To this day I shudder when I hear about a child who is asked to leave a class at church.

In my workshop I’ll be telling some stories about real kids. We’ll be talking about some of the stressors kids have in their lives today. I’ll be presenting some brain research also to show leaders what is happening in the brains of some of these stressed-out kids.

I wish I had all day to do this presentation.🙂

After next week maybe I’ll share some of the tips from the workshop. Anyone interested in that?

A New Year and a New You

“My soul thirst for God, for the living God. When can I go and meet with God?” Psalm 42:2

The New Year is upon us. Have you thought about 2013 and how it is going to be better than last year? Some of you have been so busy this past year that without realizing it at the time, you might have gotten discouraged. Now you face 2013 with a sense of dread.

It might be because a single parent life is busy, hectic and down right tiring. That alarm clock sounds too loud and too early each morning. You stumble out of bed in a daze and jump right into the day’s activity. You think, “Oh God, I know I need to spend some time with you but I’ll do it tonight.”

The evening comes and goes in a blur of activity. You fall into bed and you try to talk to God or you open your Bible and try to read His word but before you know it that crazy alarm clock is sounding again. It is the call to a new day. You start over vowing that today will be better, calmer and you’ll be more in control.

When are you going to meet with God?

When are you going to be fed?

When are your spiritual needs going to come first before the kids, the job, your extended family, church and other responsibilities?

When nothing quenches that aching in your soul and you thirst for God’s living word is when. You can go anytime to meet with God but you have to take the responsibility of doing it. That means purposely setting the time aside. It means making an appointment to meet with God. How about before you eat lunch? How about before you start the car in the parking lot of where you work?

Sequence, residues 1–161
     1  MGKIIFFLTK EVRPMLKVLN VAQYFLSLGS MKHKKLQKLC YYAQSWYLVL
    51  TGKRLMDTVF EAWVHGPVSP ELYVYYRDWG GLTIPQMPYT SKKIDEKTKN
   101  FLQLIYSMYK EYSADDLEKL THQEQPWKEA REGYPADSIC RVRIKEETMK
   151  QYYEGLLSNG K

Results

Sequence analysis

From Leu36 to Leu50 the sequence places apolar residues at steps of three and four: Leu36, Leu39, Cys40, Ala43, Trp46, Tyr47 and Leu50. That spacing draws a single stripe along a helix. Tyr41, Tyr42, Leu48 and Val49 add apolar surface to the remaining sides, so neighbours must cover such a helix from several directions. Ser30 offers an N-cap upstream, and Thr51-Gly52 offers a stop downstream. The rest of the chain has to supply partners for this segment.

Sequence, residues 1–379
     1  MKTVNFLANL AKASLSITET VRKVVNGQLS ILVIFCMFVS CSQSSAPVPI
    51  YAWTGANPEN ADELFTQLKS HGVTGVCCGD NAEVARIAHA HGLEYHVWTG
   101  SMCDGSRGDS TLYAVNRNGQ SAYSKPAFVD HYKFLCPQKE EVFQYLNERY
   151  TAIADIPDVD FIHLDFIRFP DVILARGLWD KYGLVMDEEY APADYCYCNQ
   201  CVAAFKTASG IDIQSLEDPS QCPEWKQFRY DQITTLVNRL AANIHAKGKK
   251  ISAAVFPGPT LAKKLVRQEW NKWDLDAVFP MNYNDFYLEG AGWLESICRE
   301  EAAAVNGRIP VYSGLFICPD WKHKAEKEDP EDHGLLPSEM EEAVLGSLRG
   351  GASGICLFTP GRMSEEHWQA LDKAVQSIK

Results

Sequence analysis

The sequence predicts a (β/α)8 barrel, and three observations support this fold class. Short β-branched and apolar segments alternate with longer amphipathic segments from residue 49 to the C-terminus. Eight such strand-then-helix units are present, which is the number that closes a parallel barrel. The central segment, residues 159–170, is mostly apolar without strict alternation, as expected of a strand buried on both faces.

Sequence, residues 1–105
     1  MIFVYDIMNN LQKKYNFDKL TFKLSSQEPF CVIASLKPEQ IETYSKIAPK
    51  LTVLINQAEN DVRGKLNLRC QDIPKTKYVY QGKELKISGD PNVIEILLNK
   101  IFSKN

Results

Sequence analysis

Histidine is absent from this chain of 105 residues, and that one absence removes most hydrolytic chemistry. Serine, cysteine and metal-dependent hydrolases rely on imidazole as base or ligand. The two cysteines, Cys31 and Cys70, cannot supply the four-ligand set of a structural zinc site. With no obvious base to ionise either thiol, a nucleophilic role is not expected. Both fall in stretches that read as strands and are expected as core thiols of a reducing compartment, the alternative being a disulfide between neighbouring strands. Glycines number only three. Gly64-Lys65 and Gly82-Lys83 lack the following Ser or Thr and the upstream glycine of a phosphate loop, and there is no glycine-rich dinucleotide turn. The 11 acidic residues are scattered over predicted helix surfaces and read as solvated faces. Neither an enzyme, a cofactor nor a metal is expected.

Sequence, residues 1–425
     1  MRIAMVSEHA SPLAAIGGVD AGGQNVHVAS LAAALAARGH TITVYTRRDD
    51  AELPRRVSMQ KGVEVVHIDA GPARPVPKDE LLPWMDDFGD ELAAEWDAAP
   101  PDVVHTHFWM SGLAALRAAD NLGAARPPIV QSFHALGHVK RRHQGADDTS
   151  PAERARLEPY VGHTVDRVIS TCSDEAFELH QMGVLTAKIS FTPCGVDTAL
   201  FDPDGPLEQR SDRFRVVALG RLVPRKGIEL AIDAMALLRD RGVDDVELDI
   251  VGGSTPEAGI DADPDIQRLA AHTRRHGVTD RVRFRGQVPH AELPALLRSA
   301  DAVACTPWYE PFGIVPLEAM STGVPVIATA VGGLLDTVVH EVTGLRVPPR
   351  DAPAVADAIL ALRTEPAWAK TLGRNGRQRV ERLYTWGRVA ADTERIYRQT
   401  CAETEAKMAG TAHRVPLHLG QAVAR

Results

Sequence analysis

Everyday can be better than yesterday when you live it through the living Word. Start today to create a new you that will be full of joy and one who experiences the mercies of the Lord each day. There will be days of frustration. There may be grief and trauma that comes into your life this next year. But there is nothing that can keep you from the mercies of the Lord except you.

“Because of the Lord’s great love we are not consumed, for his compassions never fail. They are new every morning; great is your faithfulness.” Lamentations 3:22

Blessings in this new year.
Linda Ranson Jacobs

Ministering to Kids of Divorce at Christmas

Are you a children’s minister or know a children’s minister? Here is the link to a blog I wrote, “Ministering to Kids of Divorce at Christmas” on the Imagine Family Ministry site.

http://www.imaginefamilyministries.com/1/post/2012/12/ministering-to-kids-of-divorce-at-christmastime.html

Blessings as you minister to children of divorce all year long.

School Shooting in Newtown School: Advice for Parents

After having had a child care in OK during the Ok. City bombing let me offer some tips we learned.

1. Parents please do not hug your child fiercely every time you see them. They may not fully comprehend all that has happened however, they will pick up on your fretfulness.

2. Turn off the TV. I can’t say this loud enough TURN OFF THE TV. Younger children can’t tell the difference in reality and non reality. To them every time they see something on the shooting they will think another school has been attacked and will wonder if their school is next.

3. Do not talk to other adults about this shooting in front of your children. Children don’t understand speculation.

5. Try to keep yourself calm. Kids WILL pick up on your anxieties. Promise you they will.

6. At a calm moment sit down with your children and ask them what they know about the school shooting. Ask them what they want to know. Explain things in as calm a voice as you can.

17. Don’t lie to your children. When they ask you why this happened, tell them you don’t know. If they ask why God would allow this to happen, tell them God did not want this to happen and He wants them to be safe. Sometimes bad people do bad things.

8. Ask your children to pray with you for the families of the children and the teachers that were hurt or died (depending on the age of your child). Continue to pray for the children and their families at Sandy Hook Elementary School for the next few days.

9. Pull your children up on your lap and tell your children they are safe right now. You can only guarantee your child’s safety in the moment and for now that is what they need.